Friendship and Companionship
Preacher: Canon Ralph Godsall, Precentor (2001-2008)
29 July 2006, 15:15 (Mary, Martha and Lazarus, Companions of our Lord)
Attended by the Diocesan Retired Clergy Association
Today the Church of England remembers in its calendar, Mary, Martha and Lazarus, Companions of our Lord. It’s a very suitable day on which to welcome to the Cathedral members of the Diocesan Retired Clergy Association. It’s a day when the importance of companionship and friendship in the Christian life (and in our fellowship one with another) is high on the Church’s public agenda. It is a day for offering hospitality – the hospitality of God in worship and the hospitality of this Cathedral Church to those who have so faithfully served the Church in the ordained ministry down the years.
The gospels of Luke and John variously describe how Mary, Martha and their brother Lazarus gave Jesus hospitality at their home at Bethany outside Jerusalem. Jesus is said to have loved all three. After Lazarus’ death he wept and was moved by the sisters’ grief. He brought Lazarus back from the dead that the glory of God might be revealed. It was Martha who recognized Jesus as the Messiah, while Mary washed his feet with costly oil. On another occasion, Mary was commended by Jesus for her attentiveness to his teaching while Martha served. For this, Mary is traditionally taken to be an example of the contemplative spiritual life and Martha an example of the active spiritual life.
Friendship and companionship clearly meant a great deal to Jesus and to the writers of the Old and New Testaments. In the Old Testament there are Proverbs on friendship, and purple passages like David’s lament for Jonathan. But when you steep your self in the Gospels, in the friendships of Jesus, particularly in the Fourth Gospel, you know you have been led near to the heart of friendship. In this afternoon’s second reading (John 15: 9-17) Jesus chooses to describe his relationship with his disciples one of friendship. ‘I have called you friends’, he says.
One of the great Christian classics on friendship was written in this country by Aelred of Rievaulx. Aelred was born into the family of a Saxon priest at Hexham, and spent much of his early years at the court of King David of Scotland. He became Abbot of Rievaulx in 1147, and undoubtedly had a genius for friendship. What distinguished Aelred from other writers is a daring phrase in which he changes what St John had written: ‘God is love’ into ‘God is friendship’; and he adds: ‘He who abides in friendship abides in God, and God in him.’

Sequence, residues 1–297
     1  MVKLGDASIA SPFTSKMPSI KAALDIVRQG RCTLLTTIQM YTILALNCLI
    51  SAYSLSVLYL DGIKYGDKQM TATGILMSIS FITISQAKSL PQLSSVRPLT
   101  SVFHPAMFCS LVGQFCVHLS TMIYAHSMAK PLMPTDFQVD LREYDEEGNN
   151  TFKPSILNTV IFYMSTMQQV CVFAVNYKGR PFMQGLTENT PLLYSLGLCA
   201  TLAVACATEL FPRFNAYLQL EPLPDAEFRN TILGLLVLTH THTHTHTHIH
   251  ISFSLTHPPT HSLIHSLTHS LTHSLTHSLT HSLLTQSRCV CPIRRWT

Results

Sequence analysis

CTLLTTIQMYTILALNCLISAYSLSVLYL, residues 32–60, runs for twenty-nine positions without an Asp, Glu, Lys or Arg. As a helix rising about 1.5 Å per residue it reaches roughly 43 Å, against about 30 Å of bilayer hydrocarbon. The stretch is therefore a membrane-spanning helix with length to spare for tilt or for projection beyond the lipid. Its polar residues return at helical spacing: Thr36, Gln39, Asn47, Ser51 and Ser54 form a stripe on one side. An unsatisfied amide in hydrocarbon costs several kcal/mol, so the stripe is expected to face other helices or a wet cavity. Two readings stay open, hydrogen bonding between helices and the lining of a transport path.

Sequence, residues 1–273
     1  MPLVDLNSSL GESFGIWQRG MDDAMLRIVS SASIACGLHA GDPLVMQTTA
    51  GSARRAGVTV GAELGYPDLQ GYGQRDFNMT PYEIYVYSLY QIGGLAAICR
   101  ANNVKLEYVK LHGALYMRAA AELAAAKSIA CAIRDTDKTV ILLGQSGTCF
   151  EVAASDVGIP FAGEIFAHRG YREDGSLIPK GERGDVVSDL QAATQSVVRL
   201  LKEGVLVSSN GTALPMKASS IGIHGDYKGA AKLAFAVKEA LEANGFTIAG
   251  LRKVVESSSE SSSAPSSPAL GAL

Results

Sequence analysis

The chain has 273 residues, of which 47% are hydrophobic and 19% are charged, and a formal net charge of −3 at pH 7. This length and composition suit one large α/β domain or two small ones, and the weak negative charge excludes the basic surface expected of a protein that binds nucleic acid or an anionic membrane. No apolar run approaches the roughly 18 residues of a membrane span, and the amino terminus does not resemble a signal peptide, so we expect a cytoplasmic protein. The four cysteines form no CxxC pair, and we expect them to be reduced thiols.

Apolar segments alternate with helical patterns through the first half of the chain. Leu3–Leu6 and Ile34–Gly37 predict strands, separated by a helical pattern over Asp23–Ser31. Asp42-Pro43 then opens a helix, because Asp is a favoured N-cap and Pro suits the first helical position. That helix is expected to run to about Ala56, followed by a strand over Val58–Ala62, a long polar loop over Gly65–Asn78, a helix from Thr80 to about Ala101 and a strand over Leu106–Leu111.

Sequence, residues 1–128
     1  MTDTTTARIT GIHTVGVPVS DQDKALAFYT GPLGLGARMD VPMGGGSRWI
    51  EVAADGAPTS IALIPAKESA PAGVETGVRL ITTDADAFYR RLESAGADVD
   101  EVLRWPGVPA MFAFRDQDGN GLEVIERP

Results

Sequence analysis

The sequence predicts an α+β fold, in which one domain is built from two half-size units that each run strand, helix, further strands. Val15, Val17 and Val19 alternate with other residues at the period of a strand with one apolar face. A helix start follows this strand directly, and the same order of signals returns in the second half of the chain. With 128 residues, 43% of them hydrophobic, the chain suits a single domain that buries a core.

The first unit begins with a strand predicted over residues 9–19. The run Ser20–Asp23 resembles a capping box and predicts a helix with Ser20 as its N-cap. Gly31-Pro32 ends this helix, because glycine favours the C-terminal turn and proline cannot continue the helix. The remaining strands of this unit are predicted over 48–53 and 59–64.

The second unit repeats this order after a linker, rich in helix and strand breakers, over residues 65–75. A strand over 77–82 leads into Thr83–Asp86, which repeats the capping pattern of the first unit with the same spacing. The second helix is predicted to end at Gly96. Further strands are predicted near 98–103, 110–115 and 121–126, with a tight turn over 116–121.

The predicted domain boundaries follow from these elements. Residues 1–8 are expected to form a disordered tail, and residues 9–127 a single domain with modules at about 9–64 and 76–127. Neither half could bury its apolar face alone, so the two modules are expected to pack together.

Part of the underlying frustration and ache of being alive is caused by the fact of growing old. In the west we seem to have the idea of life as a cycle of physical growth followed by physical decline and decay. Shakespeare gave this view classic expression. First the baby mewling and puking, then the schoolboy with shining morning face, the lover, the soldier, the mature man, then – decline to lean and slippered pantaloon with spectacles on nose, shrunk shank and treble voice.
Perhaps it’s a fair description of our outward changes, but one which totally fails to capture anything of the Christian dimension to this process. If this were the whole story about retirement and old age it would be a depressing theme, but it isn’t. When newly-ordained I visited quite a number of older people. I remember being struck by how a particular personality, or character, to use an old fashioned word, had achieved such stature that it shone like a light in a room otherwise dark and dingy. I went with the job of bringing a little comfort and cheer. I came away with a sense that it was I who was the beneficiary of the visit.